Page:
Upon his release in 1881, Dick tried honest labor for a change, taking a job as a brakeman on the Carson and Colorado Railroad. Old habits die hard, however, and so did Dick. In August 1883, he argued with a brakeman and fellow ex-convict over a prostitute. Next day, the man shot him dead. John Richard “Rattlesnake Dick” Darling was 43. The “Carson Daily Appeal” of Aug. 24 stated, “Without passing judgment on the method of ‘Rattlesnake Dick’s’ removal, the people of Nevada generally will not go into mourning for his loss. … He called himself ‘Rattlesnake Dick,’ and he very much resembled the reptile aforesaid.”

There was nothing in the life of Richard Darling to inspire admiration. And although a number of folktales, songs, books, and a recent stage play extol the deeds of the late-19th century outlaw who called himself Rattlesnake Dick, they invariably refer to the other more famous iteration.

Gambling den ©Library of Congress


William Mayfield was a died-in-the-wool southerner—Georgia-born, and proud of it. And when the Civil War broke out, he was one of many in Nevada to take the Confederate side. At this time, nearly all of Nevada’s magistrates and law officers were Union sympathizers. Along with a friend and fellow Southerner calling himself Cherokee Bob, Mayfield beat a territorial deputy marshal nearly to death. Before the ink on the resultant court papers had dried, Bob wounded another deputy, and fled the state, while Bill managed to kill former U.S. Deputy Marshal and then-current Carson City Marshal John L. Blackburn.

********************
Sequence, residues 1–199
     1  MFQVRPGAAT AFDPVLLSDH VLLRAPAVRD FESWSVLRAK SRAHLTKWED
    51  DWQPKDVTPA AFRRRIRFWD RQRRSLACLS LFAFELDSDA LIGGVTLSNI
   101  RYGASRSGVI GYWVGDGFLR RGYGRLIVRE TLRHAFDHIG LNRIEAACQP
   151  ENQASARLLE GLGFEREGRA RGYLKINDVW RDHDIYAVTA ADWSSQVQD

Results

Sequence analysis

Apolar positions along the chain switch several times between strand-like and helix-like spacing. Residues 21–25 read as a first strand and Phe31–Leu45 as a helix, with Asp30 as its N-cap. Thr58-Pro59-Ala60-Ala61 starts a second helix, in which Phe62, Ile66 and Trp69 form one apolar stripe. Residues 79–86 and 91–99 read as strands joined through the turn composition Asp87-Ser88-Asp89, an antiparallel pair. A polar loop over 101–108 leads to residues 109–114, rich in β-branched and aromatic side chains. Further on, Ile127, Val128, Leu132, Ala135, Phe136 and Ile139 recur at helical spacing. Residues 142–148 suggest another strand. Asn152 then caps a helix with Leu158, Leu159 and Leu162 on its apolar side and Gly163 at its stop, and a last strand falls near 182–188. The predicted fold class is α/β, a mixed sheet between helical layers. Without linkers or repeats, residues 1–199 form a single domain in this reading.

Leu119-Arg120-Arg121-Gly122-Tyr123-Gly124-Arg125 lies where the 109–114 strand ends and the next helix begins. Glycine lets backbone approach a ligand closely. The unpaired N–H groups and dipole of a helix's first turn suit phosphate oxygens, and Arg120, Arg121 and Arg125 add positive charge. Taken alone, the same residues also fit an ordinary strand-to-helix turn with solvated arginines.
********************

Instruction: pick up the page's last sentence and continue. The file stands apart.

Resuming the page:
The marshal had a reputation as a tough customer, having killed at least two men who had had the temerity to speak against the Union. Apparently, Mayfield had earlier hidden fugitive Henry Plummer in his cabin, and when Marshal Blackburn came to the door with a warrant, Bill refused him entry. Blackburn then repaired to the local saloon and proceeded to drink himself into a foul state of mind.


Mayfield later entered the establishment, whereupon the liquor-impaired Blackburn threatened to arrest him. Mayfield defied him, and by some accounts, Blackburn attempted to draw his pistol. Bill swiftly unsheathed his Bowie knife and stabbed the lawman to death. In the chaos that followed, Mayfield escaped, only to be turned in for the sizeable reward that had been posted on his head.

Bill was jailed in Carson City. When anti-Secessionists in the community threatened to save the court the cost of a trial, the governor sent 50 soldiers to protect the prisoner. Despite being represented by both a Unionist and a pro-Southern lawyer, Bill was faced with an overwhelmingly Republican jury. Not surprisingly, he was found guilty, and sentenced to hang.

However, a female friend smuggled him the tools required to saw through his leg chains, and he escaped on a waiting horse. Mayfield rode to California, and then to what is now Idaho, where he reunited with Cherokee Bob. The two traveled to Florence, Idaho, where they converted a log cabin into a gambling den and became partners.